But that isn't the case here on earth. We share this planet with millions if not billions of other lifeforms. Other lifeforms that have managed quite successfully in sustaining the planet and their own species quite happily until we evolved into what we are today. The state of the planet today is caused by our lifestyles. We are the species that causes all of the damage.

So we have our industrially produced oxygen and our satellite controlled weather (why? what's wrong with the weather systems the way they are?), the planet's not dead. It's just on life support. Not really much of a difference really is it?

We need nature, it doesn't need us.

Anonymous said...

OK, your middle paragraph.
The same is true of all new developments in life- we, by existing, recast life in our own mould.
We have the knowledge and technology to make this world anything we want to be. In fact, the proprotion ogf the Earth actually occupied by man is small.
I suspect we are due a trye revolution in agriculture, basically a full industrialisition, which will reduce the amount of land needed to sustain us, in terms of food production. I think it likely this planet can aedquetly feed possibly 200 billion people on about half the lannd now used to grow crops- we grow too much as it is, we just don't distribute it properly.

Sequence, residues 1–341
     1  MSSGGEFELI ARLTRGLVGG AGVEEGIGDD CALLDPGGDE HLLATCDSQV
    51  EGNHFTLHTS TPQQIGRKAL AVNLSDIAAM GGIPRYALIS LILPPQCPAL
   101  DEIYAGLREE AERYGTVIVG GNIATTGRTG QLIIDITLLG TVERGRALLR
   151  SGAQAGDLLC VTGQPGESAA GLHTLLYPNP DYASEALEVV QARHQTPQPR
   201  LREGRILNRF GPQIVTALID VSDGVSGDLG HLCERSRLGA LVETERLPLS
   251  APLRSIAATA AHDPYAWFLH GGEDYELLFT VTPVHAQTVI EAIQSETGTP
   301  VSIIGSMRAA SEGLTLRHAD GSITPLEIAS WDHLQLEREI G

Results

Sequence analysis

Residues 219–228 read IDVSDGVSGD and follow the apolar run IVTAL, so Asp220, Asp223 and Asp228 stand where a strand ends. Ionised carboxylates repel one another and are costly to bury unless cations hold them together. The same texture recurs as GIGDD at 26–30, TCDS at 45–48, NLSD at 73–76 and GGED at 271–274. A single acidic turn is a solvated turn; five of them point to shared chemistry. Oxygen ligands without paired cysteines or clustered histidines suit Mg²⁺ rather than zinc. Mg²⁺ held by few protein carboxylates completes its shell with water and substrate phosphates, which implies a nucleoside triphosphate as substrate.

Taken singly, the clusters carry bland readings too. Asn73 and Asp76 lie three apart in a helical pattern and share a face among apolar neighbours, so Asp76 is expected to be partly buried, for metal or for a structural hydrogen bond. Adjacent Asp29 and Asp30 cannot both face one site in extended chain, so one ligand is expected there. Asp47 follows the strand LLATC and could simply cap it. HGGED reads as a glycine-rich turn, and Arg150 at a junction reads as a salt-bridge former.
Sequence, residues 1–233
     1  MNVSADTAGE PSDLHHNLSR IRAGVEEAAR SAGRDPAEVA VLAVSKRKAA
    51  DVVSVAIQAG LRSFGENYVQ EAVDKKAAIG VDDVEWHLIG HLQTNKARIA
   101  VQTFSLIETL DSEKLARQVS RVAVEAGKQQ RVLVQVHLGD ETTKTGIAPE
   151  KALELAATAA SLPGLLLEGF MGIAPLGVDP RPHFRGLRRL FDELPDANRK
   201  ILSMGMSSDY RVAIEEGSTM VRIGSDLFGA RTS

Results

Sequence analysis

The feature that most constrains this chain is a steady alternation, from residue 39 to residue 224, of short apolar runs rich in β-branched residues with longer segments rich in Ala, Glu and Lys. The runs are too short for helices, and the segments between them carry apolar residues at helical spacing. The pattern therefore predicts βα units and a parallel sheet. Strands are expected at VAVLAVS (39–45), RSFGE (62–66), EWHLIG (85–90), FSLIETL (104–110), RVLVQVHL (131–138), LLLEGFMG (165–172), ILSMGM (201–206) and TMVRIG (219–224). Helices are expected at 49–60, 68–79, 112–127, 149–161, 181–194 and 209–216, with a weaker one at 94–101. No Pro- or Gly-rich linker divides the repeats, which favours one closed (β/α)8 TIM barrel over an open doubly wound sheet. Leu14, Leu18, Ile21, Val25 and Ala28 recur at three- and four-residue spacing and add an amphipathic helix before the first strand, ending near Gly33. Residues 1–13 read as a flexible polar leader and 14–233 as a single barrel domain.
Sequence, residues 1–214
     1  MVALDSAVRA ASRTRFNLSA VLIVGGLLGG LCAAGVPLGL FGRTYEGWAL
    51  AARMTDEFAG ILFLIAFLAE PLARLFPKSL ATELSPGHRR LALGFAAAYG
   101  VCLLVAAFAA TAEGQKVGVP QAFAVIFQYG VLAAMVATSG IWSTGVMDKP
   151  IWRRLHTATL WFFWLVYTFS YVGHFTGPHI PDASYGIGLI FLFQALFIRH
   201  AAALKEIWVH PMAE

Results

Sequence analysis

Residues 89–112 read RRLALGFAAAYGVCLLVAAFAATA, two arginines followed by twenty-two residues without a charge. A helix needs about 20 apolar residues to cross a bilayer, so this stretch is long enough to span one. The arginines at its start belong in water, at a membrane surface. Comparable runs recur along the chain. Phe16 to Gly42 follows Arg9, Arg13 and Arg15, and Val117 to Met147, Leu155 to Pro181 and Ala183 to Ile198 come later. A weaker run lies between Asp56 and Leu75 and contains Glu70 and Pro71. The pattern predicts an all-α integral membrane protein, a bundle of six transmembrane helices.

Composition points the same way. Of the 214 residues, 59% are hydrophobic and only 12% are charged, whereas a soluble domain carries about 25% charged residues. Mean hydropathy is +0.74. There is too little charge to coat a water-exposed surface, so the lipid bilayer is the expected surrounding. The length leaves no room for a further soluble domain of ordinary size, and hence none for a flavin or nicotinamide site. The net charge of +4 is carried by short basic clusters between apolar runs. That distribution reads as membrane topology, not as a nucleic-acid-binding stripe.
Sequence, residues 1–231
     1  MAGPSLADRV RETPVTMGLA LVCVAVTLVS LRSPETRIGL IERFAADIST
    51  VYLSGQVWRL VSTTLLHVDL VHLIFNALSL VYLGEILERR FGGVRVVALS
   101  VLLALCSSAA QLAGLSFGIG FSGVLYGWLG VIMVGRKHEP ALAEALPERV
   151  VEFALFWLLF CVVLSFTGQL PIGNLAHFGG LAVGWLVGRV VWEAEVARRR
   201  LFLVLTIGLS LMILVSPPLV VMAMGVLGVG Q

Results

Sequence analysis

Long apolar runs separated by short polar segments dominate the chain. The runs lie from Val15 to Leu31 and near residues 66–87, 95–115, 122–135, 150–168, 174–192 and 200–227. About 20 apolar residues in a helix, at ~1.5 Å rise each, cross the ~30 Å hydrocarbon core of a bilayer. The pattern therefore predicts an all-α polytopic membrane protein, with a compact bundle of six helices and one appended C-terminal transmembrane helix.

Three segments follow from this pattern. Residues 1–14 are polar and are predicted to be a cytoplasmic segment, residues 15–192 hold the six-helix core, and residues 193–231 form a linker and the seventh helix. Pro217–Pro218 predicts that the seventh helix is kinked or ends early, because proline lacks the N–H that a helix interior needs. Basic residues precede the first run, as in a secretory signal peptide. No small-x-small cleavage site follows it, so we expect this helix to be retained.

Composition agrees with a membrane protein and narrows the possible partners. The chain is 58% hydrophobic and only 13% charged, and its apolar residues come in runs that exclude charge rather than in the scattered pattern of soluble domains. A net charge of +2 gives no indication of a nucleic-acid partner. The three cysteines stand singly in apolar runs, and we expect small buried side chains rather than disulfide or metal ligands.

The rest of the Earth's surface, probably three quarters of it, can be left as parkland, garden territory, where free herds of bisin and antelope roam. Plenty of room for Yellowstone and the Serangetti in this vision.

Yopur last line, no, I'm not sure how much we do need 'nature', any more, because we can replicate all it's functions. If we can recreate earth on Mars, that in itself will prove that we can do what we want with any environmnt- and our success will give us the moral right to do so.

Our primary loyalty, after all, is to those lifeforms that share our DNA sequence. The rest, yes, we DO have to show some care and protection- as far as we need them. We don't drive species to extinction, because we might need them. If we don't, and thy are a hazard to us (smallpox, say), are we not right to do everything in our power to control them?

Anonymous said...

In a word, no.

Lions are hazardous, should we drive those to extinction? Horses are potentially hazardous. Lets eradicate them too. And just for good measure,lets get rid of dogs. Nasty teeth they have on them.

Many viruses and diseases are man made. It's our pollution and interference with the natural run of things that have helped created them and make them successful. Perhaps it would be an idea to let them run their course. The strongest will survive of us will survive them. Let nature take it's course. The successful genes will breed out.